Donald Trump spent most of the time during a press conference meant to address allegations that he failed to donate funds to veterans charities railing against the media for daring to investigate.
During a late-morning remarks at Trump Tower on Tuesday, the presumptive Republican presidential nominee slammed the gathered journalists, complaining that he's actually raised $5.6 million for various veterans groups despite failing to provide any evidence for months.
"On behalf of the vets, the press should be ashamed of themselves," Trump told the press seated before him. "You make me look very bad."
"I have never received such bad publicity for doing such a good job," Trump said, before releasing a list of the veterans groups who received the money.
"What I don’t want is when I raise millions of dollars, have people say this sleazy guy right over here from ABC, he's a sleaze in my book — you're a sleaze because you know the facts and you know the facts well," said Trump.
— ABC News Politics (@ABCPolitics) May 31, 2016
Of course, Trump's latest controversy began back in January when he backed out of a scheduled Fox News debate in Iowa during the height of his feud with moderator Megyn Kelly and hosted a fundraiser on behalf of veterans instead. That night, Trump claimed he had donated $1 million dollars. However, After nearly four months of media pressure, the Washington Post reported last week that Trump had just made good on his pledge.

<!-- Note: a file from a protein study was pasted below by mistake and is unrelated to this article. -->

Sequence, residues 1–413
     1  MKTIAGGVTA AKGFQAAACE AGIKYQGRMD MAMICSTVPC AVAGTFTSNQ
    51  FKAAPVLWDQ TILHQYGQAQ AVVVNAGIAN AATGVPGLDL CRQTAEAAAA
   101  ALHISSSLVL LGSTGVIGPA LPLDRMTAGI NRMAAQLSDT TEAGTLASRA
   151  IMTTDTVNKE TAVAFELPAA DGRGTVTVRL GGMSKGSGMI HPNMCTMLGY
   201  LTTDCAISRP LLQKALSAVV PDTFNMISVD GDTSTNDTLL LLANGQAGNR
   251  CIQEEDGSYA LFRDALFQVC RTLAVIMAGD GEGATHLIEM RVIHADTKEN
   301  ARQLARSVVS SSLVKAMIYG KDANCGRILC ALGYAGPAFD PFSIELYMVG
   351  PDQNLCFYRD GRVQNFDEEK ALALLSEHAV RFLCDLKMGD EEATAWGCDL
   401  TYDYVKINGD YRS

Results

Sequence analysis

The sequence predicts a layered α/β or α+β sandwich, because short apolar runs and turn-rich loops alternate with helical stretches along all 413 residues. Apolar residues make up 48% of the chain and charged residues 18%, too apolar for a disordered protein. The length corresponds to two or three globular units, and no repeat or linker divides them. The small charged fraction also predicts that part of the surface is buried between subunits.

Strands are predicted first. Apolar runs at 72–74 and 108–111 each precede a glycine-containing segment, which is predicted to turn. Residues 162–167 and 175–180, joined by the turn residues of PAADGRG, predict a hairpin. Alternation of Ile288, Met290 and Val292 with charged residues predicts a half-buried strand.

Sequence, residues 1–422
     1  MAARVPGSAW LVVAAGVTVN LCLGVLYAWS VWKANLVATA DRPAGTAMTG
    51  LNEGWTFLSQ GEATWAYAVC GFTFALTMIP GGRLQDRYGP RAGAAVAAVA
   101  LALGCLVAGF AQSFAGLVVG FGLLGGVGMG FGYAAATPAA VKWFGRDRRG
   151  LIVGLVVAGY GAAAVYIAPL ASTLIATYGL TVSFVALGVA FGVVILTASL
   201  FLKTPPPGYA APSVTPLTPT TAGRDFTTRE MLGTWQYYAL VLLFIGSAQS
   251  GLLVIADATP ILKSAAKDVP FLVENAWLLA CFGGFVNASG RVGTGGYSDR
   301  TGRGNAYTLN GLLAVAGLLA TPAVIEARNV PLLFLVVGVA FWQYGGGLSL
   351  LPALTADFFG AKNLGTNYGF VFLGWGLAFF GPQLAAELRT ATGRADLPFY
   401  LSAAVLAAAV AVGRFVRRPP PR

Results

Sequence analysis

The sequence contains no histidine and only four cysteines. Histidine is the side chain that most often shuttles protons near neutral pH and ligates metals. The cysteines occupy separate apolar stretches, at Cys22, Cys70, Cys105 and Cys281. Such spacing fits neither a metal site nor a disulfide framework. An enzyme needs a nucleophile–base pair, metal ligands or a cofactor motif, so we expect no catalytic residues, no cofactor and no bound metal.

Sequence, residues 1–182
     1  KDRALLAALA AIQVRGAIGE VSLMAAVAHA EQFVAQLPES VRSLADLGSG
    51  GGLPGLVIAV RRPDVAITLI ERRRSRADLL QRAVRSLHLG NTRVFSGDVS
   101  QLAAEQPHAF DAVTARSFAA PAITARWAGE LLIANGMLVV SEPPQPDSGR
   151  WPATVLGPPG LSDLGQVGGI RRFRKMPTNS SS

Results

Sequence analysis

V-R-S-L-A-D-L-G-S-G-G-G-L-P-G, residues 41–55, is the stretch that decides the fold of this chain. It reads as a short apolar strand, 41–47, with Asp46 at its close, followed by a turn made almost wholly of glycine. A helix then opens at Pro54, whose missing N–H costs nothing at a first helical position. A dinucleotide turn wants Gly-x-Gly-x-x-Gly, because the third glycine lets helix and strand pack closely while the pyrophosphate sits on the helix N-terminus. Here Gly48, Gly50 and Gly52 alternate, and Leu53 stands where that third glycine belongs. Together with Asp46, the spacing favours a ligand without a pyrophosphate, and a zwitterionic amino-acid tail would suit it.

"All of the money has been spent," Trump assured the media on Tuesday, listing every group that has received donations -- including one group that he acknowledged will not receive their allocation until they turn in the appropriate IRS documentation.
"It is called vetting," Trump, the only major candidate in decades who promises to not release tax returns, explained.
Relaying during the rambling press conference that one veteran called him crying recently to thank him for a $100,000 donation, Trump said he didn't release the names of the veterans organizations sooner because he wanted to respect their privacy. The blustery businessman said that several prominent businessmen also donated to the veterans groups, specifically singling out billionaire activist investor Carl Icahn for giving $500,000 and Treasure Island casino owner Phil Ruffin for donating $1 million.
When asked if his combative presser would be typical of a Trump White House, Trump delivered this clear promise before ending his bizarre press conference: "You think I'm going to change? I'm not changing."